By Rich Heidorn Jr.
The electromagnetic spectrum could be the next field for war, and China is already planning for it, an Air Force strategist told NERC’s Electromagnetic Pulse (EMP) Task Force.
Air Force Col. Douglas “Cinco” DeMaio said the U.S. must place weapons in orbit between the earth and the moon to protect against adversaries such as China, which landed a space probe on the far side of the moon in January.
“This is not about growing potatoes. This is a land grab on the far side of the moon from which to build a space station to launch out to further places in the solar system,” said DeMaio, vice commander of the Air Force’s LeMay Center for Doctrine Development and Education in Montgomery, Ala. Defending the electromagnetic spectrum (EMS) means competition in space, he said. “No longer is it just the sea and the air and the land [and] low-earth orbit. It is the space between us and the moon.”
The Defense Intelligence Agency reported in February that China and Russia reorganized their militaries in 2015 to emphasize their “counterspace” programs, which include anti-satellite missiles, jamming of signals to or from satellites and ground-based directed energy weapons (lasers, high-power microwaves and other radiofrequency devices).
“The military is just starting to wake up to the fact this is a place to compete,” DeMaio said during the July 24 workshop. “We grabbed onto cyber very quickly. We didn’t appreciate EMS.” (See related story, EMP Task Force Looks at Black Start, Nukes.)
DeMaio cited China as the U.S.’s biggest threat.
“China has competed very well against us, negating our defenses, our forward bases, our static bases that are very vulnerable to attack in the EMS. … It has really taken away our ability to execute our strategy, which is forward deployment. We do not have the range, the speed and the firepower right now that we need to reach from long range. So, what I propose is that we need to get up higher. We need weapons that go up into orbit — cislunar — between here and the moon. … And that’s exactly what the Chinese are doing. That is their strategy. If we do not match that, they will gain the high ground.”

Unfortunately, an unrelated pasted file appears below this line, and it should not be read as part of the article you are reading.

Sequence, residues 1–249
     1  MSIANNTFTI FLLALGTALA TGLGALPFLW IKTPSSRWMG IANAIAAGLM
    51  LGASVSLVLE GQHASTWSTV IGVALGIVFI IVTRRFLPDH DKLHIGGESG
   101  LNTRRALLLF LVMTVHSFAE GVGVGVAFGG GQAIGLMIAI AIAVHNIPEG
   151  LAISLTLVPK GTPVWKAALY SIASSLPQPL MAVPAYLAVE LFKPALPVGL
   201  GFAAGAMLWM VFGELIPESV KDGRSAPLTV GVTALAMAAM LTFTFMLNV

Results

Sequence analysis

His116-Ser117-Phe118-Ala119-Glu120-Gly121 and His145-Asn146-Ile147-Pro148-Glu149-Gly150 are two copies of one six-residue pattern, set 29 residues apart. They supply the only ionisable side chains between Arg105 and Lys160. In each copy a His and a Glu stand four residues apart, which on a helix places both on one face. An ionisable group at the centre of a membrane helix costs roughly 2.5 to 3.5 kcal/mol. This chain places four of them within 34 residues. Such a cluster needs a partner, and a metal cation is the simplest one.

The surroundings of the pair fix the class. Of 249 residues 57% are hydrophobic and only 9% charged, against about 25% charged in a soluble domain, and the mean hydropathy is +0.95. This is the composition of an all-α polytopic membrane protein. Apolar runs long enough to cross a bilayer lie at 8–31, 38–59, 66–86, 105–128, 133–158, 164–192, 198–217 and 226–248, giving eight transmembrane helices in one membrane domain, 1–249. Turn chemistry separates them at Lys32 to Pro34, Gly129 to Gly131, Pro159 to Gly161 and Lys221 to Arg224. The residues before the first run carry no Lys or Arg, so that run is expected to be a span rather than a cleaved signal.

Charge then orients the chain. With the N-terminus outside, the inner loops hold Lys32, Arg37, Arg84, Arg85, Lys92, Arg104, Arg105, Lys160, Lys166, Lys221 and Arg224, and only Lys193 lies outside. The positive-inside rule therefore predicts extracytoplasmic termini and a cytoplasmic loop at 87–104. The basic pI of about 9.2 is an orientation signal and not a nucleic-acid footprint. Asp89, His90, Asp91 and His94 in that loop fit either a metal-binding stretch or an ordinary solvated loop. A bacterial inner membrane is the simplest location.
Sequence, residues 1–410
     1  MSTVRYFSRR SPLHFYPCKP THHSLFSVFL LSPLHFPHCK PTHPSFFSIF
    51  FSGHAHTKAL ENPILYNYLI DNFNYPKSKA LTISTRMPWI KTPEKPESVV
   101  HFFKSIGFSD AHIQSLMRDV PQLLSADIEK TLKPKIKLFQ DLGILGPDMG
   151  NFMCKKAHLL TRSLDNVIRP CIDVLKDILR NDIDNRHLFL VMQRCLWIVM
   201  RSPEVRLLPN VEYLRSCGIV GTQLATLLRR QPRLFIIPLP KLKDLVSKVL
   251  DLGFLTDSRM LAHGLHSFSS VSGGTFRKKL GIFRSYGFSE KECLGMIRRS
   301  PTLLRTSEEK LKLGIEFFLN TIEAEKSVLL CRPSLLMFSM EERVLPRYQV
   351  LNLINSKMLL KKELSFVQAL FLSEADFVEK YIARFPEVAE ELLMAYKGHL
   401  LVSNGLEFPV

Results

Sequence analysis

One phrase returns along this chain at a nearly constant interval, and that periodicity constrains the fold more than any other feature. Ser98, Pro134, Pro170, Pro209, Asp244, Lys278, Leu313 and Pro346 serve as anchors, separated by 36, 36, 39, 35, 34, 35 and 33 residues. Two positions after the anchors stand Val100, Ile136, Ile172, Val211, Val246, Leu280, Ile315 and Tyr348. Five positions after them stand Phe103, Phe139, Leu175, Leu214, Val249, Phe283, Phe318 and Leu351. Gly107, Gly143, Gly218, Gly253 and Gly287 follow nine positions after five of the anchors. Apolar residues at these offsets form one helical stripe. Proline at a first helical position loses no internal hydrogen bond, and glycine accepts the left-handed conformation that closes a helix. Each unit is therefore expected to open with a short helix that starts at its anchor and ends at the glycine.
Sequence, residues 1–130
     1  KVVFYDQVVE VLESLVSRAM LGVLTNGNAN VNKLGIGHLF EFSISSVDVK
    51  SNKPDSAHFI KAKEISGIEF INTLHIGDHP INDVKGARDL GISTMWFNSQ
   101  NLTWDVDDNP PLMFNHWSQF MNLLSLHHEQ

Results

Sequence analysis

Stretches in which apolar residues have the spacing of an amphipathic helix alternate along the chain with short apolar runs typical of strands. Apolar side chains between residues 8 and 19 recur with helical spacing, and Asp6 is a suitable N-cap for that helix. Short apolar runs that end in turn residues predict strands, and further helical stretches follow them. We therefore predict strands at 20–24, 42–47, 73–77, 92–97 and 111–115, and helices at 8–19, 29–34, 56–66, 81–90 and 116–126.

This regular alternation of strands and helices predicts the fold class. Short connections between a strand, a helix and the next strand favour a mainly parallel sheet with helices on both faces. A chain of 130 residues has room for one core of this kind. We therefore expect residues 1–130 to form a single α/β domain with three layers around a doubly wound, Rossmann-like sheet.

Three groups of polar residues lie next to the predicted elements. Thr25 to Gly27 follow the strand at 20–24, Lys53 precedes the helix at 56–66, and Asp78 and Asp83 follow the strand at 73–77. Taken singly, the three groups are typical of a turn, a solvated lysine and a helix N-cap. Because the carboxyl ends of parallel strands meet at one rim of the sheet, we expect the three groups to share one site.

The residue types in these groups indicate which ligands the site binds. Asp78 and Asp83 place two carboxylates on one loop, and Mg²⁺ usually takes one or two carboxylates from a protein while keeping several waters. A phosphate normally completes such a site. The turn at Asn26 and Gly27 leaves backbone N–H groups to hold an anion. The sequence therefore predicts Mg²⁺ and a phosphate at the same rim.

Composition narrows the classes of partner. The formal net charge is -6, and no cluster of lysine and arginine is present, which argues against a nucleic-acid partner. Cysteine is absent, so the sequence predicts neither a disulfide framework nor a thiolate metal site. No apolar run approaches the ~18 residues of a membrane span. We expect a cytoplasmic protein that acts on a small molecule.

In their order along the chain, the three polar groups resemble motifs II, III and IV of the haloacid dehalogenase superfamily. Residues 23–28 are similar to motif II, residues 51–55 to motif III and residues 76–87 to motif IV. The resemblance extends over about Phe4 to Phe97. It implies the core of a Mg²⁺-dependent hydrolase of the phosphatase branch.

DeMaio said space could be used to site directed energy weapons that could trigger EMPs. “If we’re talking about an electromagnetic attack … I think we have to think a little bit more about not just the shotgun of a nuclear weapon, but a sniper rifle from orbit that can target some very specific places in our infrastructure,” he said.
Lessons from World War I and II
DeMaio said the U.S. should learn from the 1940’s Battle of France, when that nation’s “static defenses” were overrun in six weeks by nimble, mobile German forces using the new weapons of tanks and aircraft.
“The French built static defenses based on their lessons from WWI against a direct assault: artillery, manpower,” he said. “The Germans learned something different. They learned to integrate aircraft [and] surface weapons together, connecting them with a radio. And they built that upon their history of maneuver warfare. And instead of going direct where the French wanted them to go, they went around, they went under, they went over.
“So, I have to ask, is our nation akin to the French side or the German side? Are we leading the new methodology for maneuver in this coming battle?”
The U.S. now faces continuous competition, DeMaio said. “We’re playing Go, not chess,” he said, referring to the ancient Chinese board game. “We have to shift to that mindset. … It’s not just this [one] catastrophic event.”
“The United States is really good when you get an in-your-face threat: Nazi Germany, Imperial Japan, even the attacks of 9/11. We find the threat and we go after it,” he added. “This is very hard to attribute in EMS.”